Update: AADA/MTAA Legal Dispute

AADA Chairman Ian Field shares his insights into the current legal dispute with the defunct MTAA:

Understanding the current legal dispute between the defunct MTAA and the new AADA is only possible when the history of AADA and MTAA is properly put into context. The AADA has been in existence for 46 years, predating MTAA by 20 years.

Arguments that MTAA still has control over assets which were created by Dealers are highly questionable. Unfortunately, Dealers who have been distracted by running complex businesses have allowed non-dealers in the past to control the Dealer agenda. It’s not surprising that now, non-dealers are reluctant to relinquish control.

In 1968, Dealers from around Australia agreed to the formation of a national body to represent their interests. This became the Australian Automobile Dealers Association (AADA). Traditionally, the problem for Dealers has been that industry Associations have had to represent Dealer competitors, as well as Dealers.

For example, the VACC in recent times has been supporting an agenda which benefits independent repairers, but puts Dealers at a disadvantage in the form of the ‘right to repair’ debate. With the intervention of the AADA, we now have an agreement for an industry code of conduct, providing repair information by the OEMs at a reasonable price.

In 1985, the State and Territory AADA chairs’ understanding of the need for Dealers to operate within their own company, rather than an unincorporated body with no legal standing, created the Australian Automobile Dealers Association Limited.

The intention was to acquire, at the appropriate time, the assets of the unincorporated AADA. This was sidelined by a decision in 1988 to form MTAA Limited as a peak body for the allied motor industries. The unincorporated AADA however, continued to operate and in 1989 agreed to a joint budget with MTAA.

With the retirement of foundation directors by 2004, AADA Limited’s purpose was changed to one of protecting the AADA name. More unsettling was the change made from being limited by the guarantee of motor dealers, to a company limited by shares. Two shares were issued during this time to MTAA Limited. These changes were approved and instigated by the then sole director, a non-dealer.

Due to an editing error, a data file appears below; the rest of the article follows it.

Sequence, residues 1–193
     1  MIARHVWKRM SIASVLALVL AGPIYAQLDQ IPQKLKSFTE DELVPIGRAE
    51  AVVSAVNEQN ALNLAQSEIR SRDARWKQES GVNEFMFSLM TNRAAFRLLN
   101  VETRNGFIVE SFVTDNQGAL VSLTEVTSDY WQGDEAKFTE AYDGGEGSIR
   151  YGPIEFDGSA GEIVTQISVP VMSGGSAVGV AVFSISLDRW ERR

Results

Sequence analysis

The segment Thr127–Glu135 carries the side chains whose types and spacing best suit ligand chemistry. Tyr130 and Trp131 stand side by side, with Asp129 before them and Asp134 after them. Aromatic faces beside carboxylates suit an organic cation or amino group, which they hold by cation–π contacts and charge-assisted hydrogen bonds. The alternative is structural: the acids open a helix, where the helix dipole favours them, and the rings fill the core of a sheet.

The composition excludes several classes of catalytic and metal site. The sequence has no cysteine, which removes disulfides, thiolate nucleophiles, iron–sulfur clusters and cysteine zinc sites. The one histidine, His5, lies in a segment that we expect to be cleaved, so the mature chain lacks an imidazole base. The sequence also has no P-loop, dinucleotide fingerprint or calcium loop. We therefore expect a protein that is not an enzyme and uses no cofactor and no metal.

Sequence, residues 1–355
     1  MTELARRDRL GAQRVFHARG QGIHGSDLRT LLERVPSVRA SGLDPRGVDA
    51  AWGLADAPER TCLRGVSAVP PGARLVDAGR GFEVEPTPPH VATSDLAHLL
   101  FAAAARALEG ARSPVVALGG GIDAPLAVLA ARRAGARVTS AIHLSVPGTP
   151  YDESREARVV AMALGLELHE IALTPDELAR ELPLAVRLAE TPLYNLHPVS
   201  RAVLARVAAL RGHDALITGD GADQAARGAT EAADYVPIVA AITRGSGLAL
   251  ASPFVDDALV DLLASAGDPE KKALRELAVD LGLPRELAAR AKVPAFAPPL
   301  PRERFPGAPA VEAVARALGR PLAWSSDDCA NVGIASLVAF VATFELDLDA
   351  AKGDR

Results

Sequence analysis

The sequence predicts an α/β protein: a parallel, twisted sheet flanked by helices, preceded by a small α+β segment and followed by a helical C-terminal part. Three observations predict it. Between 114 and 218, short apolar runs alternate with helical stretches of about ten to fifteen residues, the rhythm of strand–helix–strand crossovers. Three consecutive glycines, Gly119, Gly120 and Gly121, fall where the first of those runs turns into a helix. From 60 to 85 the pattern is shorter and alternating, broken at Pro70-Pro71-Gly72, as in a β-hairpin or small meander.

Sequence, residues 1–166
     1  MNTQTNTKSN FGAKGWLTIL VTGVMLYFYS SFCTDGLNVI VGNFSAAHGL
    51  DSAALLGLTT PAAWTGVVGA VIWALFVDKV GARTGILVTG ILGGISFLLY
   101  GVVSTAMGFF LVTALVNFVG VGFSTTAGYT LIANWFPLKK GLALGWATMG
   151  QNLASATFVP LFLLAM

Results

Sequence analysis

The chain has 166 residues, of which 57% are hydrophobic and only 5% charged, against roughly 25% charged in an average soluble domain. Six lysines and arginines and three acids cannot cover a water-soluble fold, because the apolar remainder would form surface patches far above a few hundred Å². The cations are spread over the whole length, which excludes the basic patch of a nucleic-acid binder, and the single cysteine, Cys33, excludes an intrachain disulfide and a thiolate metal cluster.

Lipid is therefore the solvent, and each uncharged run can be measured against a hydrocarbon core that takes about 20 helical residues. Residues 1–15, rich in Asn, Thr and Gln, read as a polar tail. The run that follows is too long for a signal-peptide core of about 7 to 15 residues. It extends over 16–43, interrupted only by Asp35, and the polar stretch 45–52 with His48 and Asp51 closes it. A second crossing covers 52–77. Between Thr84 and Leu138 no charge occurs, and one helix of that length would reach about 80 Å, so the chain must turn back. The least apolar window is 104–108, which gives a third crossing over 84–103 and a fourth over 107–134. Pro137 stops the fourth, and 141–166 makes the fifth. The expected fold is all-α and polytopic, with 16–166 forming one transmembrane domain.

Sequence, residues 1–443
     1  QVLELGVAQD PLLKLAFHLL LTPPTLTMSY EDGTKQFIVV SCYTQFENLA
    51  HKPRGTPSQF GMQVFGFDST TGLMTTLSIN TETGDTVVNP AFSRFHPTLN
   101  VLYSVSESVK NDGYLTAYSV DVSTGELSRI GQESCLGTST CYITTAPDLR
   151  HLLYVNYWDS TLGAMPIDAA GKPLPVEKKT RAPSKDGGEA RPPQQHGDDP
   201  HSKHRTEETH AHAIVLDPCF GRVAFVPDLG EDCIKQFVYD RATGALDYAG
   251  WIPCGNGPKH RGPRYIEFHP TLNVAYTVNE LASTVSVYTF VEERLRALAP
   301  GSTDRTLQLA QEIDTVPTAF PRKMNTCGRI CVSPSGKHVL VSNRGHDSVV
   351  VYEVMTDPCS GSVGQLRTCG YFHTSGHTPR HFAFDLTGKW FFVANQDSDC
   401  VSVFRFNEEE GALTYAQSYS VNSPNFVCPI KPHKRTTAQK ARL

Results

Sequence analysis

AADA the company, never traded and AADA activities continued in the unincorporated AADA until the demise of MTAA in 2010.AADA never agreed to become an allied industry division of MTAA as some have suggested. It held its 43rd and last AGM in February 2011.

In 2010, the eight State and Territory associations agreed to the formation of the Australian Motor Industry Federation (AMIF). As part of this restructure, the AADA would no longer have a joint budget and would become a full member, paying full membership fees. An amount of approximately $300,000 was transferred from the MTAA bank account to an AADA Pty Ltd bank account.

MTAA also required that three units in a Canberra building trust, worth about $450,000, be transferred to this AADA Company. The Trustee at the time did in fact recognise that change of ownership and as such, changed the trust register with the consent of all parties.

The most appropriate ownership for a non-profit association is one limited by guarantee, rather than shares. Australian tax law prohibited the reversal of the now AADA share company back to one limited by guarantee and as a consequence, a brand new AADA was formed with a slightly different name – Australian Automotive Dealer Association Limited.

This company now majority owns the old AADA company, renamed Dealer Support Services Pty Ltd.

So why has the AADA board instigated legal action against the building trustee and MTAA?

Legal proceedings have been commenced primarily because the old AADA Company has sought to sell its units in the House Trust, and the Trustee has denied that the old AADA Company is a Unit holder.
Adding to this, the old AADA Company has sought to have the registration of the trademark in the old AADA name and logo, as well as a website, assigned to it as the rightful owner of that intellectual property – but MTAA Ltd has refused to do so.

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